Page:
Editor's Note: This article, published in the May 1959 issue of Scientific American, is a supplement to the 50, 100 & 150 Years Ago column in the May 2009 issue.
Patrols of the Australian Government venturing into the "uncontrolled" central highlands of New Guinea in 1946 found the primitive people there swept up in a wave of religious excitement. Prophecy was being fulfilled: The arrival of the Whites was the sign that the end of the world was at hand. The natives proceeded to butcher all of their pigs-animals that were not only a principal source of subsistence but also ,symbols of social status and ritual preeminence in their culture. They killed these valued animals in expression of the belief that after three days of darkness "Great Pigs" would appear from the sky. Food, firewood and other necessities had to be stock-piled to see the people through to the arrival of the Great Pigs. Mock wireless antennae of bamboo and rope had been erected to receive in advance the news of the millennium. Many believed that with the great event they would exchange their black skins for white ones.
This bizarre episode is by no means the single event of its kind in the murky history of the collision of European civilization with the indigenous cultures of the southwest Pacific. For more than 100 years traders and missionaries have been reporting similar disturbances among the peoples of Melanesia, the group of Negro-inhabited islands (including New Guinea, Fiji, the Solomons and the New Hebrides) lying between Australia and the open Pacific Ocean. Though their technologies were based largely upon stone and wood, these peoples had highIy developed cultures, as measured by the standards of maritime and agricultural ingenuity, the complexity of their varied social organizations and the elaboration of religious belief and ritual. They were nonetheless ill prepared for the shock of the encounter with the Whites, a people so radically different from themselves and so infinitely more powerful. The sudden transition from the society of the ceremonial stone ax to the society of sailing ships and now of airplanes has not been easy to make.
After four centuries of Western expanSion, the densely populated central highlands of New Guinea remain one of the few regions where the people still carry on their primitive existence in complete independence of the world outside. Yet as the agents of the Australian Government penetrate into ever more remote mountain valleys, they find these backwaters of antiquity already deeply disturbed by contact with the ideas and artifacts of European civilization. For "cargo" -Pidgin English for trade goods has long flowed along the indigenous channels of communication from the seacoast into the wilderness. With it has traveled the frightening knowledge of the white man's magical power. No small element in the white man's magic is the hopeful message sent abroad by his missionaries: the news that a Messiah will come and that the present order of Creation will end.
The people of the central highlands of New Guinea are only the latest to be gripped in the recurrent religious frenzy of the "cargo cults." However variously embellished with details from native myth and Christian belief, these cults all advance the same central theme: the world is about to end in a terrible cataclysm. Thereafter God, the ancestors or some local culture hero will appear and inaugurate a blissful paradise on earth. Death, old age, illness and evil will be unknown. The riches of the white man will accrue to the Melanesians.
Although the news of such a movement in one area has doubtless often inspired similar movements in other areas, the evidence indicates that these cults have arisen independently in many places as parallel responses to the same enormous social stress and strain. Among the movements best known to students of Melanesia are the "Taro Cult" of New Guinea, the "Vailala Madness" of Papua, the "Naked Cult" of Espiritu Santo, the "John Frum Movement" of the New Hebrides and the "Tuka Cult" of the Fiji Islands.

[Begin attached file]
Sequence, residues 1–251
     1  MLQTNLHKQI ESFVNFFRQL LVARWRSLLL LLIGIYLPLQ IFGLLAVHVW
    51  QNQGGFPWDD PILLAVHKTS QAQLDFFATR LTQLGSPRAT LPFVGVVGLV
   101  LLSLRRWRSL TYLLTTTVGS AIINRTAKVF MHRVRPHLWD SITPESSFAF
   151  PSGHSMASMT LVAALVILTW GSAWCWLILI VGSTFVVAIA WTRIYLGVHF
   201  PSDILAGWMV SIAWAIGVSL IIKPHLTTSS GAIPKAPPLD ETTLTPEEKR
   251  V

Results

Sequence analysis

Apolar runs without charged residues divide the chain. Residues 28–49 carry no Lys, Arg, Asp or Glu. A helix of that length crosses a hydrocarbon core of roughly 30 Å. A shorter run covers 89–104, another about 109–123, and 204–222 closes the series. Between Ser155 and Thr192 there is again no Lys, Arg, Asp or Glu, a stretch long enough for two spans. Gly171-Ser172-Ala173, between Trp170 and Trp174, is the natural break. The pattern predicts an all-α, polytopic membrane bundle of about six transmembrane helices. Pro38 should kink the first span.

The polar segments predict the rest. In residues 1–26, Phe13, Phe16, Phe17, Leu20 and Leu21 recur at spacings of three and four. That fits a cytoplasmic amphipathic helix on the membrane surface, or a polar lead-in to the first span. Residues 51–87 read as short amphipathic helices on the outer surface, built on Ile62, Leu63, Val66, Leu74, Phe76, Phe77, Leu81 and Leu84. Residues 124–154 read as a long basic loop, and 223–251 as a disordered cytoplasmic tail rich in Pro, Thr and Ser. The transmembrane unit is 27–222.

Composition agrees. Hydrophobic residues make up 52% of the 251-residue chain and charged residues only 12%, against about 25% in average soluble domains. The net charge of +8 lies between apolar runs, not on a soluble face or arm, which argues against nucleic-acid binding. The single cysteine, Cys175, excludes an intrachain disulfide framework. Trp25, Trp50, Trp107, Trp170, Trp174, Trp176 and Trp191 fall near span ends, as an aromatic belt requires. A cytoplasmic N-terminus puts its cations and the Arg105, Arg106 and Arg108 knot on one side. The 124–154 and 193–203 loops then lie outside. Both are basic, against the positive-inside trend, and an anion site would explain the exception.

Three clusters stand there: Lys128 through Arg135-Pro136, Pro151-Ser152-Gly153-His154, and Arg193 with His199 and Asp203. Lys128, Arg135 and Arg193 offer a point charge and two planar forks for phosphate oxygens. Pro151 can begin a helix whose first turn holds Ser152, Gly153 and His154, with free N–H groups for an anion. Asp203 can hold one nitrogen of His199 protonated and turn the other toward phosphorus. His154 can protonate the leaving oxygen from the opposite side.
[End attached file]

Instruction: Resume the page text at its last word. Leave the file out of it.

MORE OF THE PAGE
At times the cults have been so well organized and fanatically persistent that they have brought the work of government to a standstill. The outbreaks have often taken the authorities completely by surprise and have confronted them with mass opposition of an alarming kind. In the 1930s, for example, villagers in the vicinity of Wewak, New Guinea, were stirred by a succession of "Black King" movements. The prophets announced that the Europeans would soon leave the island, abandoning their property to the natives, and urged their followers to cease paying taxes, since the government station was about to disappear into the sea in a great earthquake. To the tiny community of Whites in charge of the region, such talk was dangerous. The authorities jailed four of the prophets and exiled three others. In yet another movement, that sprang up in declared opposition to the local Christian mission, the cult leader took Satan as his god.
Troops on both sides in World War II found their arrival in Melanesia heralded as a sign of the Apocalypse. The G.I.s who landed in the New Hebrides, moving up for the bloody fighting on Guadalcanal, found the natives furiously at work preparing airfields, roads and docks for the magic ships and planes that they believed were coming from "Rusefel" (Roosevelt), the friendly king of America.
The Japanese also encountered millenarian visionaries during their southward march to Guadalcanal. Indeed, one of the strangest minor military actions of World War II occurred in Dutch New Guinea, when Japanese forces had to be turned against the local Papuan inhabitants of the Geelvink Bay region. The Japanese had at first been received with great joy, not because their "Greater East Asia Co-Prosperity Sphere" propaganda had made any great impact upon the Papuans, but because the natives regarded them as harbingers of the new world that was dawning, the Right of the Dutch having already given the first sign. Mansren, creator of the islands and their peoples, would now return, bringing with him the ancestral dead. All this had been known, the cult leaders declared, to the crafty Dutch, who had torn out the first page of the Bible where these truths were inscribed. When Mansren returned, the existing world order would be entirely overturned. White men would turn black like Papuans, Papuans would become Whites; root crops would grow in trees, and coconuts and fruits would grow like tubers. Some of the islanders now began to draw together into large "towns"; others took Biblical names such as "Jericho" and "Galilee" for their villages. Soon they adopted military uniforms and began drilling. The Japanese, by now highly unpopular, tried to disarm and disperse the Papuans; resistance inevitably developed. The climax of this tragedy came when several canoe-loads of fanatics sailed out to attack Japanese warships, believing themselves to be invulnerable by virtue of the holy water with which they had sprinkled themselves. But the bullets of the Japanese did not turn to water, and the attackers were mowed down by machine-gun fire.